After the oil spill: New research sheds light on coral susceptibility to environmental stress
Much attention has been paid to the fate of wildlife living on and above the Gulf of Mexico's surface. Now, a new research study published in the June 2010 print issue of the FASEB Journal looks toward the seafloor to explain coral susceptibility to disease outbreaks when they encounter environmental stress and to set the stage for understanding exactly what type of undersea environment is necessary to promote coral health and growth after the oil spill cleanup. In addition, this research also opens doors for the development of new tools that can assess the health of corals, which is important when trying to establish manmade reefs or to save ones that already exist.
"We hope this study will highlight the need to maintain favorable environmental conditions on reefs to maximize the functioning of coral immune mechanisms and avert outbreaks of coral disease and bleaching," said Caroline Palmer, one of the researchers involved in the work who is from the Australian Research Council Centre of Excellence for Coral Reef Studies and School of Marine and Tropical Biology at James Cook University in Queensland, Australia. "Otherwise, declining environmental conditions associated with extractive activities, deteriorating water quality and a changing climate will threaten the long term persistence of corals and coral reefs, which support millions of lives worldwide through fisheries, tourism, and coastal protection amongst other functions."
Palmer and colleagues sampled several coral species from the Great Barrier Reef to determine whether a suite of cellular and biochemical mechanisms of immunity were active. Using histological techniques they documented the presence and area of melanin-containing granular cells and the activity of specific enzymes as measures of oxidative damage and repair. Then the scientists investigated the relationship between coral immunity and disease and susceptibility to by analyzing the data on the activity of innate immunity in conjunction with published data on coral species' susceptibilities to oxidative bleaching and disease. Results suggest that different coral species invest different amounts of resources in immunity and defense, which may explain differences in the susceptibility to negative environmental impacts.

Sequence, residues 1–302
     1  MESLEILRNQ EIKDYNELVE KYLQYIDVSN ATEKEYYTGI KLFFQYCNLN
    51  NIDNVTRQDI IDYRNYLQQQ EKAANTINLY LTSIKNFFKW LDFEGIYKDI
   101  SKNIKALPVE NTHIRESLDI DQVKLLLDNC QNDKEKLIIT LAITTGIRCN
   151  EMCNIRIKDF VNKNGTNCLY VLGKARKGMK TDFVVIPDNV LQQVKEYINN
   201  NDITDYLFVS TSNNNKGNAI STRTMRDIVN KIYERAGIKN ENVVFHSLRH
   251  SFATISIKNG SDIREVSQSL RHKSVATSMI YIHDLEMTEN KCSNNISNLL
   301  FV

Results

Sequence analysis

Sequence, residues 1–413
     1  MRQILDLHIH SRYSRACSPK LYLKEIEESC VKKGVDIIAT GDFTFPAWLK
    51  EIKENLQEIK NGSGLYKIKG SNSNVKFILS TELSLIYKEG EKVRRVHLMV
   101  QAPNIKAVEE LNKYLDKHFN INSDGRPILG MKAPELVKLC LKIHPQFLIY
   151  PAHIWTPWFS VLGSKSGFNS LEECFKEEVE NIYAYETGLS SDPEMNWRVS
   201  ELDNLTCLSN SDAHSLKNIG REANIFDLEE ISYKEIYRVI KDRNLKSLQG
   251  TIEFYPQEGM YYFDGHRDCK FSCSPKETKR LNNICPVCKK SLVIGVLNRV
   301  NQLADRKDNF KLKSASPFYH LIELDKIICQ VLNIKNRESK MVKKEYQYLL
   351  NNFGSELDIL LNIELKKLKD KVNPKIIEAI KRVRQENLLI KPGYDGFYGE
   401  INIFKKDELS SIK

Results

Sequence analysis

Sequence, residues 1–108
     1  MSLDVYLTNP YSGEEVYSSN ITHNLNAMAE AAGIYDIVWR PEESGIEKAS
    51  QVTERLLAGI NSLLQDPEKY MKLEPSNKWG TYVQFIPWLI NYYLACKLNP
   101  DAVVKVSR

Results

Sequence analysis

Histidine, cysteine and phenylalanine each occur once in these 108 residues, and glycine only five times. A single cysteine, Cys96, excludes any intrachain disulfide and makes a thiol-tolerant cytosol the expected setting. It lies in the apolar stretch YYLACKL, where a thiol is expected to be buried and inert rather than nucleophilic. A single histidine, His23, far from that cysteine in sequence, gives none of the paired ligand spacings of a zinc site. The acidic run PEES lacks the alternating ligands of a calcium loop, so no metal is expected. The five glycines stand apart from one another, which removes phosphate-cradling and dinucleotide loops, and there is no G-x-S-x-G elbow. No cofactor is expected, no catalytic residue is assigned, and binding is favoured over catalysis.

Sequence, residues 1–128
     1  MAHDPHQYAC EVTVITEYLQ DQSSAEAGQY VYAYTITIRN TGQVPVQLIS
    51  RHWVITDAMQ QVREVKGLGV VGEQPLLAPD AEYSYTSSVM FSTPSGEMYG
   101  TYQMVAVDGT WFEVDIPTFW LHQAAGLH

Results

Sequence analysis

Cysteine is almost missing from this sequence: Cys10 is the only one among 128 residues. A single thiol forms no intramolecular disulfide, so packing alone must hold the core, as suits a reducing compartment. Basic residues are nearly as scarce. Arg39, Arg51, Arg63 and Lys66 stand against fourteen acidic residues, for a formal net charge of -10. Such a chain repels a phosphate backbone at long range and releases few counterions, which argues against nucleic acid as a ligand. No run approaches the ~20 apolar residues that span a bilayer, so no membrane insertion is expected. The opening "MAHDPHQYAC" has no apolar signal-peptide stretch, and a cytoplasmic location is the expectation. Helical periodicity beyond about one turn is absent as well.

"You don't have to be a marine biologist to know that the Gulf oil spill is an environmental disaster of the first order. Stuff leaching from the ocean floor is the worst environmental challenge a coral reef can face," said Gerald Weissmann, M.D., Editor-in-Chief of the FASEB Journal. "But with luck, and with marine biology to explain how coral reefs survive, we can begin to get the Gulf ecosystems back on track sooner rather than later."
According to the National Oceanic and Atmospheric Administration, "Corals that are spawning at the time of an oil spill can be damaged because the eggs and sperm, which are released into the water at very precise times, remain at shallow water depths for various times before they settle. Thus, in addition to compromising water quality, oil pollution can disrupt the long-term viability and reproductive success of corals, rendering them more vulnerable to other types of disturbances. In western Australia and the Flower Garden Banks of the northern Gulf of Mexico, spawning occurs in late summer or fall."